Eternal Sunshine of the Spotless Mind

Released: March 19

Distributor: Focus Features

Eternal Sunshine of the Spotless Mind” is French musicvid director Michel Gondry’s second and best-yet teaming with scribe Charlie Kaufman. While their first collaboration on “Human Nature” didn’t quite hit the mark, “Eternal” proved more satisfying.

An intellectual’s love story, the film follows Joel (Jim Carrey) and his blue-haired girlfriend Clementine (Kate Winslet) as they fight inside his brain to retain the memories of their relationship. As the screwball staff of memory-erasing company Lacuna Inc. (composed a solid supporting cast of Kirsten Dunst, Mark Ruffalo, Elijah Wood and Oscar nominee Tom Wilkinson) works throughout the night, Joel’s struggle becomes symbolic of the eternal battle of heart vs. mind.

Such romantic comedies are not standard Oscar fodder but the film surpasses the cliched conventions of the genre, tapping into far more poignant emotions of heartbreak and loneliness. And while the off-beat story may confound some Acad voters, the same contingent that propelled pics such as “Lost in Translation” and “City of God” to noms last year could bolster support for “Eternal” this year.

Kaufman’s outrageous, goofy and complex storytelling has won over the Acad before. With two noms under his belt (“Being John Malkovich” and “Adaptation”), he’s poised for a hat trick with “Eternal,” his fifth script to be produced in as many years. And with a larger heart and bigger box office than his prior pics (at over $34 million, “Eternal” out-grosses both “Malkovich” and “Adaptation”), it could find the spotlight in other categories as well.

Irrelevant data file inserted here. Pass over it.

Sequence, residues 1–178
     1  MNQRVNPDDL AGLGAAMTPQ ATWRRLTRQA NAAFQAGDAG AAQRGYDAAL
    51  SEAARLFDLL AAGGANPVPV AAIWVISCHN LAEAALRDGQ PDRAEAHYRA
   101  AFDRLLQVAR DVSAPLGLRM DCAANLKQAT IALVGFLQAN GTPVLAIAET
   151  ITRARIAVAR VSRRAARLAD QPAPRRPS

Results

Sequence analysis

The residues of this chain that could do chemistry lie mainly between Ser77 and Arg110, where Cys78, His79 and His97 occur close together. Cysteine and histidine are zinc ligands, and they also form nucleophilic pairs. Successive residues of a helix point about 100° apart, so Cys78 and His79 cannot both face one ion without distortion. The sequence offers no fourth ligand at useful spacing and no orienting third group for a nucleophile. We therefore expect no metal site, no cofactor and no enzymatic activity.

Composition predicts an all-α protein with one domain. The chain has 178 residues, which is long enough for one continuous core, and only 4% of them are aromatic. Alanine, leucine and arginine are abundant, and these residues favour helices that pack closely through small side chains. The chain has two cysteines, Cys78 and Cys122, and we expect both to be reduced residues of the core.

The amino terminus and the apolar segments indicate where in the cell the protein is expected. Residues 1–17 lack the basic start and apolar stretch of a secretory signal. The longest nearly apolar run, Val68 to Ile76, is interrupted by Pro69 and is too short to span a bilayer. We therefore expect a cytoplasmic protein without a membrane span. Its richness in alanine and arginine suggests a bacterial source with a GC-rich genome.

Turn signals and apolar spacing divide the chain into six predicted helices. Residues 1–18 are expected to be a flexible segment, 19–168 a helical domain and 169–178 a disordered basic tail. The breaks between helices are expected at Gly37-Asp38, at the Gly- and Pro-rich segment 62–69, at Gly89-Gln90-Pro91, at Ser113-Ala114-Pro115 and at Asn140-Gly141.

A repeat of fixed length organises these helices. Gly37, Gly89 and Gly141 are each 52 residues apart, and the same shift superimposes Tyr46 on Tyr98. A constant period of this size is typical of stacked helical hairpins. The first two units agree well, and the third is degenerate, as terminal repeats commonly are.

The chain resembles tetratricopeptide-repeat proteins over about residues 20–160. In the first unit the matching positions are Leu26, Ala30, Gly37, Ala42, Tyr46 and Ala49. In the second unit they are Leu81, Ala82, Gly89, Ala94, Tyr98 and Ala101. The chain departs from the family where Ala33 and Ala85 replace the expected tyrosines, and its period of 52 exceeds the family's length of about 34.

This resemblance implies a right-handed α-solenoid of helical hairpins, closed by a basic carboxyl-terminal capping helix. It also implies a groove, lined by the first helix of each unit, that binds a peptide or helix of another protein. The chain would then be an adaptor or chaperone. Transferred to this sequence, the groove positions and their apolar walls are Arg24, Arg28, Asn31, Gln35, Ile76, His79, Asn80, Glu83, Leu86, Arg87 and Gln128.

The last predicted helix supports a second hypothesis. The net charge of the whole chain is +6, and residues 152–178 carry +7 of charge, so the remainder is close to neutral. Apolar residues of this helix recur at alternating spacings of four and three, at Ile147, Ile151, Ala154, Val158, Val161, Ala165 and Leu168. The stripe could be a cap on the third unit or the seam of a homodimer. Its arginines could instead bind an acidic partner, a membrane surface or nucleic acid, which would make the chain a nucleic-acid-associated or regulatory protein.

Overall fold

Oscar nominee Kate Winslet’s livewire Clementine strikes just the right balance of wacky neurotic and wounded charmer, but the actress’ tear-jerking performance in “Finding Neverland” might split her fan-base. The real wild card here is Jim Carrey, who turns in a strong performance as the muted, mopey and vulnerable Joel. But will the Academy accept the comedian’s shift to semi-serious star? They ignored him in “The Truman Show.”

Gondry smartly keeps special effects low-tech and favors a daringly simple visual handheld approach (aided by cinematographer Ellen Kuras). Such decisions, in their lack of flash, support the fundamental allure of “Eternal Sunshine”: Above all, it’s not style that matters, but the vicissitudes of the heart — an Oscar message if there ever was one.

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